Paleontologists routinely study fossils using high-magnification and high-resolution backscattered electron (BSE) images acquired via scanning electron microscopy (SEM). In BSE imaging, contrast corresponds to differences in backscattering of primary electrons and BSE detection among points in the electron beam raster scan. In general, BSE images are known for compositional contrast corresponding to backscattering monotonically related to average atomic number. However, two other types of contrast are relevant to BSE-SEM of fossils: (1) topographic contrast corresponding to backscattering and BSE detection varying with specimen shape and (2) mass-thickness contrast corresponding to backscattering varying with the relative masses and thicknesses of materials in the uppermost few microns of a sample. Here, we demonstrate the significance of these contrast mechanisms for resolving three-dimensional and subsurficial features of fossils. First, we show—through study of mass-thickness contrast in BSE images of carbonaceous compressions from the Triassic Solite Quarry Lagerstätte (Virginia)—that some tissues (e.g., leaf and insect wing veins) are preserved as thicker carbonaceous films than others (e.g., leaf laminae and insect wing membranes), possibly reflecting taphonomic differences among anatomical tissues. Second, we show that the problematic phosphatic shelly fossil Sphenothallus (lower Cambrian, China) is covered by low-relief transverse ribs and made up of exteriorly sculptured and interiorly unsculptured carbon- and phosphorus-rich layers with microstructures. Taking advantage of both topographic and mass-thickness contrast mechanisms, these case studies demonstrate that BSE imaging elucidates morphological details that are not obvious in surficial light microscopy or secondary-electron SEM and are otherwise only evident via tomography.
Exceptionally preserved, phosphatized gastropod egg capsules from the uppermost Jurassic (upper Volgian) in Central Russia are reported. The egg capsules were attached to the inner side of the shell wall of empty body chambers of two ammonites. Due to phosphatization, the egg capsules retained their original morphology preserving both the lower attachment base and upper hemispherical cover. Comparison with recent and fossil gastropod egg capsules indicates that these were not produced by neritimorphs, the egg capsules of which are known from the Lower Jurassic and Upper Cretaceous. Since these fossil egg capsules share many similarities with those produced by some recent rissoids and muricid neogastropods, it is evident that they were produced by some representatives of Caenogastropoda. The abundant filamentous microbial structures, as well as micron-sized apatite globules, preserved inside the egg capsules suggest that phosphatization processes were mediated by microbial consortia under anaerobic and low-pH conditions.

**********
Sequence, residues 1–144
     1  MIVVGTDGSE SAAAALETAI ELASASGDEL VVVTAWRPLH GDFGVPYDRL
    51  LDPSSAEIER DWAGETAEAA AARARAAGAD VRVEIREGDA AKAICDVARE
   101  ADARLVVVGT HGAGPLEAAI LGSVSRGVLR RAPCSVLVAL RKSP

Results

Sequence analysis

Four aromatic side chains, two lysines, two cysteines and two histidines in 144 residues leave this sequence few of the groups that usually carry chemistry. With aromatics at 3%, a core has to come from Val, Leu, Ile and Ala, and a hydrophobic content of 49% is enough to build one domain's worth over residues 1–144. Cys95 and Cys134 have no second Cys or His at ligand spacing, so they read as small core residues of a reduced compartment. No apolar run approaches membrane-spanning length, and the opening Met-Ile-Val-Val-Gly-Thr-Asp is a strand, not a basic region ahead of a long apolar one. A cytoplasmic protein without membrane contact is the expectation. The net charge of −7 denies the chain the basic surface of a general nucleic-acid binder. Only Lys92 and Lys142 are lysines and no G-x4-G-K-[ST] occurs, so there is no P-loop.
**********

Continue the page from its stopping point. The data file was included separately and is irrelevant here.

The stratigraphic record of shallow-water shoreline paleoenvironments is characterized by significant facies heterogeneity and laterally discontinuous stratal geometries. In contrast, we investigate a uniquely extensive and microstratigraphically spatially uniform interval of upper Famennian (Upper Devonian) marginal marine strata in the Rocky Mountains. This transgressive deposit (< 5 m thick) rests on a depositional sequence boundary, and is composed of a thin, discontinuous basal transgressive sandstone bed, two thin fossiliferous shale beds, and several meters of oncolite-bearing carbonate wackestone. The lower shale is a consistently thin (~ 0.1 m) bed with a fossil fauna of spinicaudatans (clam shrimp or conchostracans), which are extant, bivalved, chitinous, benthic crustaceans that live in fresh to brackish water, in ephemeral ponds, estuaries, and other shoreline settings. Isotopic data for the oncolitic unit record deposition in an epicontinental seaway with restricted circulation and locally brackish conditions. Sulfur isotope data may also reflect short-term changes in redox conditions, consistent with our interpretation of temporary hypoxia during deposition of the spinicaudatan bed, based on its faunal assemblages. The remarkably large areal extent (~ 1600 km north to south, and ~ 1000 km east to west) of this uniformly thin interval with marginal marine fauna is one of the most unusual paleoecological events of the latest Devonian in Laurentia. It is considered an artifact of exceptional depositional processes including passive transgression (i.e., little or no wave or tidal ravinement) along with rapid opportunistic takeover of habitats during transgression. The radiation, possibly associated with temporary hypoxia, was aided by the spinicaudatan reproductive strategy of numerous offspring, high growth rate, and rapid reproduction.